3QD: The Monas Hieroglyphica, Feynman Diagrams, And The Voynich Manuscript

One of the strangest books to come out of Europe in the sixteenth century – and that is saying a lot – is John Dee’s Monas Hieroglyphica (1564). Dee was an English mathematician, court astrologer, diplomat, and spy. He was also a wizard, or at least an aspirant to wizardry. Like many European intellectuals of the 16th century, Dee devoted himself to what we identify today as esoteric studies, which means an interdisciplinary effort to discern a primordial truth through the study of ancient texts, alchemy, astrology, philosophy, theology, and magical practices. Ancient texts such as the Corpus Hermeticum and the Emerald Tablet promised a brand of wisdom that had made the ancient ages more powerful and knowledgeable than any age since, and their introduction into western Europe during the Renaissance gave scholars a hope of recovering ancient wisdom and restoring human nature to the perfection it had once enjoyed in the Garden of Eden, before – well, that part of the story you probably know already.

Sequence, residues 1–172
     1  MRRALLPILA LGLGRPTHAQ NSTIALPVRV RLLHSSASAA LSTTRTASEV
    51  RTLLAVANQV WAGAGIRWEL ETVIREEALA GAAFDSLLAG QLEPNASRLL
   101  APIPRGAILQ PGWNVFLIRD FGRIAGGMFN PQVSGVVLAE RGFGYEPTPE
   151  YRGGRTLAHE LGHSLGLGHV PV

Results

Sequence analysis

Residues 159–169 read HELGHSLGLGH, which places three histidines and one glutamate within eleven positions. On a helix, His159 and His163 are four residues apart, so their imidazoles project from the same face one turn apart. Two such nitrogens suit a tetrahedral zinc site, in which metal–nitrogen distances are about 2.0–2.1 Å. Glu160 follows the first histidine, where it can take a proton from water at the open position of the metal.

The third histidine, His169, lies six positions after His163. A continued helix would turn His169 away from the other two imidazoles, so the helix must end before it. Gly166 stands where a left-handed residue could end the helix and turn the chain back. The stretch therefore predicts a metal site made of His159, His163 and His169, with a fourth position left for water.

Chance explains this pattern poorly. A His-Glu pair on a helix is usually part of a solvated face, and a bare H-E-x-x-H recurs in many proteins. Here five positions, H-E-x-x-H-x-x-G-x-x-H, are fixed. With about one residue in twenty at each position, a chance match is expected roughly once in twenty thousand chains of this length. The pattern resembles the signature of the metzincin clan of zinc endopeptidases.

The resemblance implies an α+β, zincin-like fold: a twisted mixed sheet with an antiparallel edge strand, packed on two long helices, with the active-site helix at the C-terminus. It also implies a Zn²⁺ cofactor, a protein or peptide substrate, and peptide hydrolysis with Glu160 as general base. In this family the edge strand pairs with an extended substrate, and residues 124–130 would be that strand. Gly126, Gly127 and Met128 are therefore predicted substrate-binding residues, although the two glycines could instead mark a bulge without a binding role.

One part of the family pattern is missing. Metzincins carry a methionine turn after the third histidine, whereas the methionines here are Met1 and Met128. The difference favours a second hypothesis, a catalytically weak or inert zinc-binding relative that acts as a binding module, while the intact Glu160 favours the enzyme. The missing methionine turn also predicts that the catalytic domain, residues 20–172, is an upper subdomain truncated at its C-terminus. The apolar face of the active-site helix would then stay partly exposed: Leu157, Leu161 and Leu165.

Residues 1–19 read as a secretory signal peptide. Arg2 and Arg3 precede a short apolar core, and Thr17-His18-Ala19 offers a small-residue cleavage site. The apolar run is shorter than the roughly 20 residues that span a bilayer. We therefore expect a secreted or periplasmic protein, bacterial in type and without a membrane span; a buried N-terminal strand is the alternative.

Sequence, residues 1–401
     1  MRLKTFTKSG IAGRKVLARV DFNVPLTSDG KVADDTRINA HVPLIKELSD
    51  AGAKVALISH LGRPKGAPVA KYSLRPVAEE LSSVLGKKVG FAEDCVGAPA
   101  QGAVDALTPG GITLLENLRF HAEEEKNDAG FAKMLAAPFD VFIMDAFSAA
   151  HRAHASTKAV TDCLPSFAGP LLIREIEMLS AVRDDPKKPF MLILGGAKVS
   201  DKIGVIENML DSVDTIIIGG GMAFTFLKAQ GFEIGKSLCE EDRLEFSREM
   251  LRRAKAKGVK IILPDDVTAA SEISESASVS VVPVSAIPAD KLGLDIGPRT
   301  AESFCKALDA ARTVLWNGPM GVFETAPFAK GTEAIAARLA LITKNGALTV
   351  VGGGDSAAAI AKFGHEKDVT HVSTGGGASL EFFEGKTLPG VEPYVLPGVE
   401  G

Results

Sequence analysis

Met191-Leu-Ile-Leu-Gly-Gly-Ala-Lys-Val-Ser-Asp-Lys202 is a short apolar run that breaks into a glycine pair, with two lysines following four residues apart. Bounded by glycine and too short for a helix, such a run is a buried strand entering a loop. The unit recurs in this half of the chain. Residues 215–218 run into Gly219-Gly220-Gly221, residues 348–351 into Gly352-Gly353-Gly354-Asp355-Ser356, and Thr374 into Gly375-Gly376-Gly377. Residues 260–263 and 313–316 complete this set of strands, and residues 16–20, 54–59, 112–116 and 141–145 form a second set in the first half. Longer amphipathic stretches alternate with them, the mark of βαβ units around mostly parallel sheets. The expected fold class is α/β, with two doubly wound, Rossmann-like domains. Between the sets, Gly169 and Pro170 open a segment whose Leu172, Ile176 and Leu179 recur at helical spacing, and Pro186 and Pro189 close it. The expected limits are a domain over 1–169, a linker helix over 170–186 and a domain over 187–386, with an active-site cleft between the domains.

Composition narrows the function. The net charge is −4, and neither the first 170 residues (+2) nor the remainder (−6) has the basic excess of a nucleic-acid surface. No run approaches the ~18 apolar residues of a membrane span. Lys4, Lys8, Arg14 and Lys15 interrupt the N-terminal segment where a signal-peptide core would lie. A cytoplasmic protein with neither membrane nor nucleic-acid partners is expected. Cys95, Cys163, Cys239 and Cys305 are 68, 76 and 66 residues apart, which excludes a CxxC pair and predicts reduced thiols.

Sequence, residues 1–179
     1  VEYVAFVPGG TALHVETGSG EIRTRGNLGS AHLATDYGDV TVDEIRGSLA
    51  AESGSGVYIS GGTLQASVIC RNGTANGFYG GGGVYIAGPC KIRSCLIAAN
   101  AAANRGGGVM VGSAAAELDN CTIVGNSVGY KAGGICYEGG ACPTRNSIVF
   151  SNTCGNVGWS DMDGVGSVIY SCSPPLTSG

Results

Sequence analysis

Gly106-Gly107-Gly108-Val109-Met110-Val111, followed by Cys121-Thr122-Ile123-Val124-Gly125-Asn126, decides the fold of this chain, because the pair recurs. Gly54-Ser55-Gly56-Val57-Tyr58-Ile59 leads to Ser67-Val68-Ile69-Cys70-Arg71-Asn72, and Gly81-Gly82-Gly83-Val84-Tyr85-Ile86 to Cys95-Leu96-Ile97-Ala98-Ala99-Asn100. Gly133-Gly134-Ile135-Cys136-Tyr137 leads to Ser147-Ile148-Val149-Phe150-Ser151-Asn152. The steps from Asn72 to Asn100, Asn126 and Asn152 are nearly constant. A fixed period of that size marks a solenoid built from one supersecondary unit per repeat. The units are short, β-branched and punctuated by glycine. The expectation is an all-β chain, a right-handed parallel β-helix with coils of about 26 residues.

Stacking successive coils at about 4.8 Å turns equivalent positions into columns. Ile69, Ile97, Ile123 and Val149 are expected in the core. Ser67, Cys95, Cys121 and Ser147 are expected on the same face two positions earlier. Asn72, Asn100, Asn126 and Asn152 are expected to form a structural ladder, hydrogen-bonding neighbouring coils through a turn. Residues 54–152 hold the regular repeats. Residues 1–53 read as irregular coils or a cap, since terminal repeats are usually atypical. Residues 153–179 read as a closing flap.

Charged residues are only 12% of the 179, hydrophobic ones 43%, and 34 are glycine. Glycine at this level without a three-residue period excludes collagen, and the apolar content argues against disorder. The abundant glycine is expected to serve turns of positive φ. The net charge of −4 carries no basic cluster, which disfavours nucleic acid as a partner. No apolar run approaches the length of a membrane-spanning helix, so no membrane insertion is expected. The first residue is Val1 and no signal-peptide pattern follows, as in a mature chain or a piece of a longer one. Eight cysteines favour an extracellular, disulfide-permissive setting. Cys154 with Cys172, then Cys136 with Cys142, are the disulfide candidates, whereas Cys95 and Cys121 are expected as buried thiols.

More here

About Huenemann

Curious about the ways humans use their minds and hearts to distract themselves from the meaninglessness of life.
This entry was posted in 3QD essays. Bookmark the permalink.

Leave a Reply

Fill in your details below or click an icon to log in:

WordPress.com Logo

You are commenting using your WordPress.com account. Log Out /  Change )

Google photo

You are commenting using your Google account. Log Out /  Change )

Twitter picture

You are commenting using your Twitter account. Log Out /  Change )

Facebook photo

You are commenting using your Facebook account. Log Out /  Change )

Connecting to %s